f you're anything like me, you've got a stash of papers you don't want to throw out, but also don't know what to do with. It might be a box labelled "Uni stuff" in the cupboard of the spare room of your parent’s house. Or it may be a binder full of letters and postcards crammed into that space under the bed you can't quite reach without a broom.
I recently revisited the spare room cupboard, and managed to extricate that binder with the broom. One part of my brain counted itself lucky that the producers of television series "Hoarders" hadn't managed to find out about me yet. Did I really need to keep those barely readable lecture notes from first year Psychology?
The other part of the brain, however, reads through the Oliver Twist literature analysis from Year 10, the Cultural Studies paper entitled "Britney Spears: not a girl, not yet a woman" and I exclaim,
"Wow, did I write that? Geeze I'm good!"
It is true! I am a genius. What a beautifully constructed, persuasive argument, full of independent thought!
Since the glory of those education days, I have built experience writing both personally and professionally. I by no means consider myself a professional writer, but I enjoy it, so try to incorporate some level of writing in my day-to-day activities. I have written features, beer and book reviews and research articles for award winning journals. I cofounded a blog in which I shared public transport stories. Sometimes I even get paid for stuff! Like the time I wrote the cover letter for a kid's application into a swanky private school. But I often get caught by the old "C" word. Over the years for various reasons, confidence in my writing has been lacking. It is often scary to write.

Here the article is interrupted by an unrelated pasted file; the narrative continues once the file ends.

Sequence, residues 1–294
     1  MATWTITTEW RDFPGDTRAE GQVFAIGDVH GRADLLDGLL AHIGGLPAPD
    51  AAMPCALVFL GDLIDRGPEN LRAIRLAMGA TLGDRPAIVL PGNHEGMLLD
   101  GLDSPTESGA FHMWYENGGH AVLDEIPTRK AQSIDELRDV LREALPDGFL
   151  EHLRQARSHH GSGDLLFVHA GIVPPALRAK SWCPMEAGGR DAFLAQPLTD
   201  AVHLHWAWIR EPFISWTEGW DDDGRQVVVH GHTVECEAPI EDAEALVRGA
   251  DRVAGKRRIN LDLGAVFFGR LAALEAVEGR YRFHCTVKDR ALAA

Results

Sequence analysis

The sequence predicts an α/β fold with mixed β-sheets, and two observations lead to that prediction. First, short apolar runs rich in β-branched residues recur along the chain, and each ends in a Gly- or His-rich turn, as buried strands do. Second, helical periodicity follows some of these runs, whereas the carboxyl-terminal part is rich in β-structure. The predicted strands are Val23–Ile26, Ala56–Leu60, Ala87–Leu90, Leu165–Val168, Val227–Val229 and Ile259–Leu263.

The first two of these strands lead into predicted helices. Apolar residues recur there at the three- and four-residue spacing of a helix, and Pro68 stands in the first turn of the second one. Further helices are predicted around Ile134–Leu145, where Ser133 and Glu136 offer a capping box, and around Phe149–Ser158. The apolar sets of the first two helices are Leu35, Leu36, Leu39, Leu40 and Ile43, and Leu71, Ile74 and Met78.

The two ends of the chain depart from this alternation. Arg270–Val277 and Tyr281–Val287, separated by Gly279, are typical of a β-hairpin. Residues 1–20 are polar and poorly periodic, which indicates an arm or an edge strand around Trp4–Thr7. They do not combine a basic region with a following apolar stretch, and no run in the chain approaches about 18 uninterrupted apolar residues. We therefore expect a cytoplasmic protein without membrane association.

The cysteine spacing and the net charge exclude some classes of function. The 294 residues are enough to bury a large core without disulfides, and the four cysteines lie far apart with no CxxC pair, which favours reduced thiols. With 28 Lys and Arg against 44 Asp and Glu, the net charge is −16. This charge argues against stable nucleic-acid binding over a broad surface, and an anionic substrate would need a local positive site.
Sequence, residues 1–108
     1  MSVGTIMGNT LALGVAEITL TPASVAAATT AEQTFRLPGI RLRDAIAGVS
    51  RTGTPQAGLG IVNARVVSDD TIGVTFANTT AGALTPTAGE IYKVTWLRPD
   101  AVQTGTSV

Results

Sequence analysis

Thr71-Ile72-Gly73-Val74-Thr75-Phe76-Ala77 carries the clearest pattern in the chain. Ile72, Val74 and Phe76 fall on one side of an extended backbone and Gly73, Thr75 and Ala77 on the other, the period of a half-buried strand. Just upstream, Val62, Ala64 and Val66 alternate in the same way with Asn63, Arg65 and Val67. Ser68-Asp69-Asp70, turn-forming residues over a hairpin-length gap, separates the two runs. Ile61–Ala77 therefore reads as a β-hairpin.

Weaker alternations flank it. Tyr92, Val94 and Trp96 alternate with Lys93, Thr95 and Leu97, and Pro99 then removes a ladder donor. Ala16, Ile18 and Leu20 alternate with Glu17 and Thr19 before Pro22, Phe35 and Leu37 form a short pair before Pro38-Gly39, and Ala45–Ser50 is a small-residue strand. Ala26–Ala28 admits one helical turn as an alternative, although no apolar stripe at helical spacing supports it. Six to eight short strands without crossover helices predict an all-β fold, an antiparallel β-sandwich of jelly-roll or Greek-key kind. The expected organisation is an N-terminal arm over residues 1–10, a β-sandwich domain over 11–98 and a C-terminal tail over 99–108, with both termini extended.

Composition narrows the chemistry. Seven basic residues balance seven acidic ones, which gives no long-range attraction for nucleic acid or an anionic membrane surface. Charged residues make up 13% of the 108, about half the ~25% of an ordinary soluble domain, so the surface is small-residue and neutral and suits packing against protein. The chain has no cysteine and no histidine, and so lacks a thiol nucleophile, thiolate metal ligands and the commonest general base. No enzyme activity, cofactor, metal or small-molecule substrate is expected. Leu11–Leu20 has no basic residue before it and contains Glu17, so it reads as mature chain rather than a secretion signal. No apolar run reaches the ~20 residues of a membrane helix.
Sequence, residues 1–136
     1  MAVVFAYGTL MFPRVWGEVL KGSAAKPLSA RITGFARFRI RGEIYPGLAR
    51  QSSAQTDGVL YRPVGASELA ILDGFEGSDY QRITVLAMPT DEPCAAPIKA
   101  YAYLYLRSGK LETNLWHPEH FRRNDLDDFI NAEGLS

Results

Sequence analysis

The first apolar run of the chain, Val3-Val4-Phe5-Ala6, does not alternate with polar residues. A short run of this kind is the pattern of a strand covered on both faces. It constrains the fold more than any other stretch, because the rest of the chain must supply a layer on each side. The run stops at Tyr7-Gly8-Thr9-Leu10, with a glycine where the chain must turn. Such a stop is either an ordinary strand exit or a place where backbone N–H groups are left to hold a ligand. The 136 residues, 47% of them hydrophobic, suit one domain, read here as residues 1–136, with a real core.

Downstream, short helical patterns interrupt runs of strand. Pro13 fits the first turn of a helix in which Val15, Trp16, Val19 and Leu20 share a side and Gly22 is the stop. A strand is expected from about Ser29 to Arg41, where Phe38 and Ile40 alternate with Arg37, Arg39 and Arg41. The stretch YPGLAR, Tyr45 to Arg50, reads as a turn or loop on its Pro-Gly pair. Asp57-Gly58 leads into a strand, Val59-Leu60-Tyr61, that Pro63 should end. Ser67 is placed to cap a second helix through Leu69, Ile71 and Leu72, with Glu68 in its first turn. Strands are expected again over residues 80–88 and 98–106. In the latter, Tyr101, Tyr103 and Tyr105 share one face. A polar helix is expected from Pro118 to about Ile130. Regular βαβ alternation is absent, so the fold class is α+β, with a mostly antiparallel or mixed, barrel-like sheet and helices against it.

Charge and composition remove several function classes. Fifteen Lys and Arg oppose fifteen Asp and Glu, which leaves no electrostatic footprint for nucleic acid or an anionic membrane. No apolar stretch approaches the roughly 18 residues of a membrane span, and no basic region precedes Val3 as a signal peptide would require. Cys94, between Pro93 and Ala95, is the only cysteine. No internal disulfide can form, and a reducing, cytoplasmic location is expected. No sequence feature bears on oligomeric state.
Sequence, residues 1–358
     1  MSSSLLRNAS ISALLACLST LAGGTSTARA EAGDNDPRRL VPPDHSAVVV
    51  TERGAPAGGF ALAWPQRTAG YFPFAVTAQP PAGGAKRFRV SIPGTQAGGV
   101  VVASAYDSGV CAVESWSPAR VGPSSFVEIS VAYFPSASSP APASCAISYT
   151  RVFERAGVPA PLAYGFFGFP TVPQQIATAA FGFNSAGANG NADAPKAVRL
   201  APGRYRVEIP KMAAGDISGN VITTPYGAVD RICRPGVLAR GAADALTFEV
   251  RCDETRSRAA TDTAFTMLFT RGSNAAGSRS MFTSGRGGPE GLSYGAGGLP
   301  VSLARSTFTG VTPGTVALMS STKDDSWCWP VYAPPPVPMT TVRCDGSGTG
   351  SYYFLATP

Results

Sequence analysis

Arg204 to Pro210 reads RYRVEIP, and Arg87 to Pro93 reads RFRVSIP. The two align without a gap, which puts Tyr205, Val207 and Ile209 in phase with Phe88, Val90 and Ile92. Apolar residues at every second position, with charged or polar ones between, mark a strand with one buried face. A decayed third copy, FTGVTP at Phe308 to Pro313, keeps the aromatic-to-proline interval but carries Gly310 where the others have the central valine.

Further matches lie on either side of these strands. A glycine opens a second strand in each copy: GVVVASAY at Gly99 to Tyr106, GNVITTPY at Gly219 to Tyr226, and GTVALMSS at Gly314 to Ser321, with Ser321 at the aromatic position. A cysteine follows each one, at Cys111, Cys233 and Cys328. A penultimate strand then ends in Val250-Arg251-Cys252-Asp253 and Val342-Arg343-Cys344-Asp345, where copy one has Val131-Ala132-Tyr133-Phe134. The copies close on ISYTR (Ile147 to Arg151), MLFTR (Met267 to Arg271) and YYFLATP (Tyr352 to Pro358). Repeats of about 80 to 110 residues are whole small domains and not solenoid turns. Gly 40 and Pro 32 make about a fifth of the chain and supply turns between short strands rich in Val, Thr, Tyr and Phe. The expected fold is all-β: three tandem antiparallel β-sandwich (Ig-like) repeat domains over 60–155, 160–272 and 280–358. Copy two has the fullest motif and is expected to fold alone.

What are the reasons? Firstly, I know a lot of people who write professionally. A lot of them hold specific writing degrees, or have had books published. How can I compete with that? Conversely, I observe and read a lot of content from people who are clearly not writers. I do not want to join the throng of people creating mediocre, unnecessary content. Finally, like a lot of people, I am not a fan of criticism. Putting myself out there means I am open for people to tear my writing apart.
But I enjoy writing. And I enjoy sharing stories with others.
So it’s time to stop being scared. I've bought a domain name to start blogging. I’ve got my new blue notebook to write ideas and observations. I am starting a writing club with some friends, who are very encouraging and full of great advice. I am going to be brave and see any criticism as not a bad thing, but as an opportunity to improve my writing.
I know my confidence in writing is coming back. I just need to remind myself that I *can* write. So from now, whenever I need a reminder, I’ll go searching with my broom for that confident writer under the bed.